A number of other talks piqued my curiosity today. A team representing PepsiCo and Sense Worldwide spoke about the importance of seeking out opinions from extreme users and non-users. Why not talk specifically to people who use your product like a badge of honour? These people have unique ways of interacting with your product that the average consumer might never think of, and these unique ways could be your next big thing. Why not talk to the people who absolutely refuse to use your product? They might have very specific and detailed reasons that could be turned to your advantage. And since we’re talking about non-users, think about how people detest being screened out of research. Maybe we’re screening out the wrong people. Maybe we shouldn’t screen anyone out. Imagine how happy people would be if we never screened them out.
Also completely inspiring was the series of talks by young researchers and, for me personally, the talk by Pallavi Dhall. I couldn’t help but be fascinated by her discussion of an innovative sampling technique called Respondent Driven Sampling. Since homosexuality is a crime in India, men can’t admit to being gay for fear of being arrested. Random sampling simply isn’t an option. But, by depending on a few trusted gay men to invite 3 people each, and those gay men to invite 3 people each, they slowly created a sample of their target group that could be used to estimate the size of the target group, was more representative, and had more external validity than a snowball sample And by the way, Pallavi won the Young Researcher of the Year Award. Well deserved!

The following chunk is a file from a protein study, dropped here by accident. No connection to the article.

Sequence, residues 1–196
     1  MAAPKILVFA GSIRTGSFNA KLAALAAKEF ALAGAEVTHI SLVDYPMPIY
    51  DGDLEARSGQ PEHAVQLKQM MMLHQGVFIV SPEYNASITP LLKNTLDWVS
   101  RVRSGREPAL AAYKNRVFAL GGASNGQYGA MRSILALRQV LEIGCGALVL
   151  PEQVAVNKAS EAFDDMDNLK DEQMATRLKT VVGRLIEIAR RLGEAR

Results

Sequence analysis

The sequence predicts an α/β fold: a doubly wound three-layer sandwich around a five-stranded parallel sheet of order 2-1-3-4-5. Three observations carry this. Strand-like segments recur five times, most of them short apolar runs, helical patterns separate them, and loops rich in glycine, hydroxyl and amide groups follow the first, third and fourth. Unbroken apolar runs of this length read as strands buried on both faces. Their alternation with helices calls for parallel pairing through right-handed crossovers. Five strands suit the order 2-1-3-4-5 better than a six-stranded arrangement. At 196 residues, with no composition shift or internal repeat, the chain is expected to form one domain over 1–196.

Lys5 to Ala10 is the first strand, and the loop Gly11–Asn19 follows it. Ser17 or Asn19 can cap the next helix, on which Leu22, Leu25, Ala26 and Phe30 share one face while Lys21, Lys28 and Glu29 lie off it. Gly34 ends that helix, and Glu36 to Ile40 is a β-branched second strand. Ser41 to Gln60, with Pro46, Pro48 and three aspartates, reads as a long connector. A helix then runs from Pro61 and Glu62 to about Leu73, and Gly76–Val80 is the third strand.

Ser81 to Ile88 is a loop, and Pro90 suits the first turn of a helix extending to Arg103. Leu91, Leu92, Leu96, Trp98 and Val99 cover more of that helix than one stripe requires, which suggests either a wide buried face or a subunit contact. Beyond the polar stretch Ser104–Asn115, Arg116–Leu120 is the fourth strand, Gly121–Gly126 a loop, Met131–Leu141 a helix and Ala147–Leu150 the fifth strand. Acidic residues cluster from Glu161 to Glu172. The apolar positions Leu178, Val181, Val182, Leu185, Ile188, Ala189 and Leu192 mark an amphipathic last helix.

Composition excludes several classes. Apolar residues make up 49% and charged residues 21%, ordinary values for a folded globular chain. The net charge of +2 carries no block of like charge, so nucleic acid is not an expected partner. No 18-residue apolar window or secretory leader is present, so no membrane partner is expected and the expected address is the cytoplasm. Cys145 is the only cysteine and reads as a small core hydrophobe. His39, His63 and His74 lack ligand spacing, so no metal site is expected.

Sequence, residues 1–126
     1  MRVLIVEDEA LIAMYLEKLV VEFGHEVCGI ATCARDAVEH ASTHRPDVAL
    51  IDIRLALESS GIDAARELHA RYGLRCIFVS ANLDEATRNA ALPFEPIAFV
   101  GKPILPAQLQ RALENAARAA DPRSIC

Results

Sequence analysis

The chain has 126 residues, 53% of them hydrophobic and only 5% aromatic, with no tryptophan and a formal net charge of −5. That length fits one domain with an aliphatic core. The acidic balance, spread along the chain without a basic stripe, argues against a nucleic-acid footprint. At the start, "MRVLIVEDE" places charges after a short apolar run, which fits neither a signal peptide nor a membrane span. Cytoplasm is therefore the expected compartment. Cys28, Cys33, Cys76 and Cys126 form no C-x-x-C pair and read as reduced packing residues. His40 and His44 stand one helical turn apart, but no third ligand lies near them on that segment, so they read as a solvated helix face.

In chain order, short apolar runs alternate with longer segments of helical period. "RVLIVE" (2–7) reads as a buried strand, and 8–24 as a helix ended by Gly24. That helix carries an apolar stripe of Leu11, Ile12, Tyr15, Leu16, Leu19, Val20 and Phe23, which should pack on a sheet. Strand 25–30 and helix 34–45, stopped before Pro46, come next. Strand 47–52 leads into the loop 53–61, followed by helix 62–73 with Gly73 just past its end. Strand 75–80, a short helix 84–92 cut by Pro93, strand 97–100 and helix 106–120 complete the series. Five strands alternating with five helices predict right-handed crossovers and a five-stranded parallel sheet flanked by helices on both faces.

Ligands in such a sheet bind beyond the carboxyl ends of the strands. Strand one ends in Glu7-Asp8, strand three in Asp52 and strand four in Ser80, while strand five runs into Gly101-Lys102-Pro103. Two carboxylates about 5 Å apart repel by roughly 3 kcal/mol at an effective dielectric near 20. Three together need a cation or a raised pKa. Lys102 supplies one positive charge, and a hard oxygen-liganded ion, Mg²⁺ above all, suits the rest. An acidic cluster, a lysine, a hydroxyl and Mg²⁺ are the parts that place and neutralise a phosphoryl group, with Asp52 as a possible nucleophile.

The last talk I’ll mention from today was by Patricia Flores of Repere and Stéphane Gautron of Carrefour Management. In another variation on the theme of sampling, they discussed a project whereby items on the shelf of a grocery store were flagged with little signs stating the product could be home tested for free if the person participated in a research project. Consumers loved being able to try new products in their homes without the risk of paying for something they might not like. The retailer liked that consumers chose to shop at their store in order to participate in the research. And the researchers? Well, when consumers are eager to participate in research, that’s great for the research industry.